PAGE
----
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I’m gearing up for making batch of 30 or so drilled aluminum enclosures (guitar pedals!), and getting the holes drilled accurately is a challenge. I’d like to make a 3D printed drilling template that fits over the box. The plastic alone is too soft to keep from getting deformed by repeated drilling. I’d seen these steel bushing inserts machinists use for their drilling templates. I’d love to use the kind with knurls or ridges so they press into the plastic and won’t get loose and spin.

The only problem is they seem to be unusually expensive- \$8 apiece at McMaster Carr.

The one other question here about these mentions “castable bushings” but are similarly rare and expensive.

Is there a less expensive part that would work well with plastic? Or a clever method for getting an accurate 3D printed drill template that would stand up to repeated use?

This would be used with a drill press and I would be happy with 0.125” (~3.2 mm) drill bits, or similar size, for pilot holes, and drill the holes to various final sizes as a second operation.

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    $\begingroup$ Use appropriate sized nuts? $\endgroup$
    – Ron Jensen
    Jul 3 at 23:26
  • $\begingroup$ @Ron, yeah, seems like most of the improvised solutions have threads, but there is only a little bit of material on the edges of the threads that the drill would contact. Brass heat set inserts, or the special flanged steel bushing with machine threads that pokes into a piece of wood. $\endgroup$ Jul 4 at 3:33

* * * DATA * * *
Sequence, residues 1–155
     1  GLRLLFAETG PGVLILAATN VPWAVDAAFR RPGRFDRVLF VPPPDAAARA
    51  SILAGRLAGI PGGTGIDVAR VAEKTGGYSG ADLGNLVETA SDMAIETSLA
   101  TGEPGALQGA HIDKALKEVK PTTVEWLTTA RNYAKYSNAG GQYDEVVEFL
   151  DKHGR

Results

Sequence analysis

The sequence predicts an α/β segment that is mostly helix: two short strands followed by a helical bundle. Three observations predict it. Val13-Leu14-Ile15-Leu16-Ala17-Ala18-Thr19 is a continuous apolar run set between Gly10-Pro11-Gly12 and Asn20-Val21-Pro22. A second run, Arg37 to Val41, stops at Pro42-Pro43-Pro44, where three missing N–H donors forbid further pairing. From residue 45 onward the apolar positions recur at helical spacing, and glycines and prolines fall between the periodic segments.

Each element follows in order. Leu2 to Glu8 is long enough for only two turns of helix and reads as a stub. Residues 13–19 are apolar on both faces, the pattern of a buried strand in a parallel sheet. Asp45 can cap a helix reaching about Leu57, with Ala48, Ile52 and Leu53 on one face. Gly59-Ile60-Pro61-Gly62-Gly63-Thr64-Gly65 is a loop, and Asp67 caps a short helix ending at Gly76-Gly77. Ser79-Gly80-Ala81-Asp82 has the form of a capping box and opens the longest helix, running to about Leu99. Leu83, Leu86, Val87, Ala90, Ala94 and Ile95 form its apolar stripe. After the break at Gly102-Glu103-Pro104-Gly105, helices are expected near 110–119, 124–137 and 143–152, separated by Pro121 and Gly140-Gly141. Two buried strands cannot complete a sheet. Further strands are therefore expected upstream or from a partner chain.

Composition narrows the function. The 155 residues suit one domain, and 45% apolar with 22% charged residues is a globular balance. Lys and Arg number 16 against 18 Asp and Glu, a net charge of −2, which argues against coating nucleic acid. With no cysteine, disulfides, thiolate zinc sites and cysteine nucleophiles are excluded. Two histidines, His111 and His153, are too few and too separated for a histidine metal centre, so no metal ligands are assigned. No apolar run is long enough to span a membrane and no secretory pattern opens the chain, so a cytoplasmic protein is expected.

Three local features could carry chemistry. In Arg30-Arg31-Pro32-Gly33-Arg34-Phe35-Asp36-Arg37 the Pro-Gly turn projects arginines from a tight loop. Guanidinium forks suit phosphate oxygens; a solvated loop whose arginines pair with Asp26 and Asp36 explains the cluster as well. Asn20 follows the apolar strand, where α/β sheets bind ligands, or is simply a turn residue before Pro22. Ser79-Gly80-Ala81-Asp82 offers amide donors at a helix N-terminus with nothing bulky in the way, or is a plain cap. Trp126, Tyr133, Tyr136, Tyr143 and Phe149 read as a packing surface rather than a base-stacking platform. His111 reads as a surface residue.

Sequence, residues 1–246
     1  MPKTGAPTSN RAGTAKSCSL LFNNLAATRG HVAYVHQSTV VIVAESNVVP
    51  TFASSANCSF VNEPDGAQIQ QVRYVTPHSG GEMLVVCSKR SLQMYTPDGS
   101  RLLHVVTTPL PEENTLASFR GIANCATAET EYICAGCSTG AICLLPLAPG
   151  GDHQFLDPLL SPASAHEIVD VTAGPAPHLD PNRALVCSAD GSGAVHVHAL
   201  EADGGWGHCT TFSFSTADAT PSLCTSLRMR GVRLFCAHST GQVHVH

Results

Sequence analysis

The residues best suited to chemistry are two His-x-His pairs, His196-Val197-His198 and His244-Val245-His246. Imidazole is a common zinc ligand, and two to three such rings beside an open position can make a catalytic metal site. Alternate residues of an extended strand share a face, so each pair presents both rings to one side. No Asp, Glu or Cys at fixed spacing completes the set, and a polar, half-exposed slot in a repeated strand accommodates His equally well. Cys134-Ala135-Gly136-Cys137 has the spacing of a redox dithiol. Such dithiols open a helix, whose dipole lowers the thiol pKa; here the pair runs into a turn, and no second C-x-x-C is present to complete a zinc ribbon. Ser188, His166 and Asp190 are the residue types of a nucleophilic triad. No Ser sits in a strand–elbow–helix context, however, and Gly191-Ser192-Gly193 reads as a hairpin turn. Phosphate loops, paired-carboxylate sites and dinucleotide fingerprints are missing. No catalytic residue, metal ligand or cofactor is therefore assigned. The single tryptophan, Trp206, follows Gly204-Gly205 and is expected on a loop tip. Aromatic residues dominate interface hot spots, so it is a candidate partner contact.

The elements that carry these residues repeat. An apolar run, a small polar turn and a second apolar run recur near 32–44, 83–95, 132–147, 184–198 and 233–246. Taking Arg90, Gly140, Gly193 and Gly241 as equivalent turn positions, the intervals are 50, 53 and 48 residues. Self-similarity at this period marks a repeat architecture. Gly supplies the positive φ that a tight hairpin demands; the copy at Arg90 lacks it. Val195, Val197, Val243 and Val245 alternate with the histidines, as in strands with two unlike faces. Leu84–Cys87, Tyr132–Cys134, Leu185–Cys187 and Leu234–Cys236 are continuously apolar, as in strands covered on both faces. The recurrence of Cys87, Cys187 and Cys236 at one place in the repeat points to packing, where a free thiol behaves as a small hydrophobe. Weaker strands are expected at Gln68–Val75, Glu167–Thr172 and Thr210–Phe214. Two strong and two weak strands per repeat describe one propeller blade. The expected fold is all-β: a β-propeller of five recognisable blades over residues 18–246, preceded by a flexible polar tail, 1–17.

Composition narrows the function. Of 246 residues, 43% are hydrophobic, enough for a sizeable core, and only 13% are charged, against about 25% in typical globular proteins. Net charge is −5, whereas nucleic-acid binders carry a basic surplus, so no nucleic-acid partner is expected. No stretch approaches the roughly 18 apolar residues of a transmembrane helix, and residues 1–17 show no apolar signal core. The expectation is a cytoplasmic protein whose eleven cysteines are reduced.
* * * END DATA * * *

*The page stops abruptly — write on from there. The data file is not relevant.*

• $\begingroup$ What sort of drill sizes do you intend to use? One thing that comes to mind would be printed threads which you screw heat breaks into. That's usually limited to ~4mm or ~6mm though. Or maybe 3-4 normal spacers along the length of your tool which you'd insert from the side? $\endgroup$
    – towe
    Jul 5 at 8:45
  • $\begingroup$ Are you using a hand-held drill or a drill press? If the latter, you could make a jig that the part fits against instead of having to guide the drill bit. $\endgroup$ Jul 5 at 12:46
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    $\begingroup$ @ChinchillaWafers I realised that a transfer punch (with its cylindrical shape) would be a better fit than the typically conical shape of a normal centre punch. $\endgroup$ Jul 6 at 20:34
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Found one source for small “doweling jigs”, the Telco 06120TK, on Amazon, $1.50 per bushing in packs of 10. Not the neat, press-in kind, they thread into a 1/2”-20 nut, but they are tempered steel.

They are a little thick and tall, which would make the template thick and tall, but the printed template could be cored out so it doesn’t have to be a solid, thick piece of printed plastic on top of the box. The threaded bit would make them reusable though.

The search was helped by putting in the ID you want (1/8” in this case), and getting into the woodworking category, rather than business/industrial.

Edit: Here's a design for 3D printed drill template with the doweling bushings. For the holes that were too close and interfered I'm going to try the suggestion of using pressed in 6-32 steel nuts, but drill them out.
Drill Template

EDIT #2:After drilling a test with the 3D printed drill template, results are underwhelming. The hole pattern is a little undersize, about 0.5%, which has made the holes on opposite sides of the drill template out of tolerance by about .015", not great for matching a PCB. I believe the issue is plastic shrink, which is expressed as a percentage, an error that ends up as a multiplication of size. So the 3D printed drill template, as shown, not reccommended for tight dimensional tolerances without experimenting dialing in the scale with the filament to be used.

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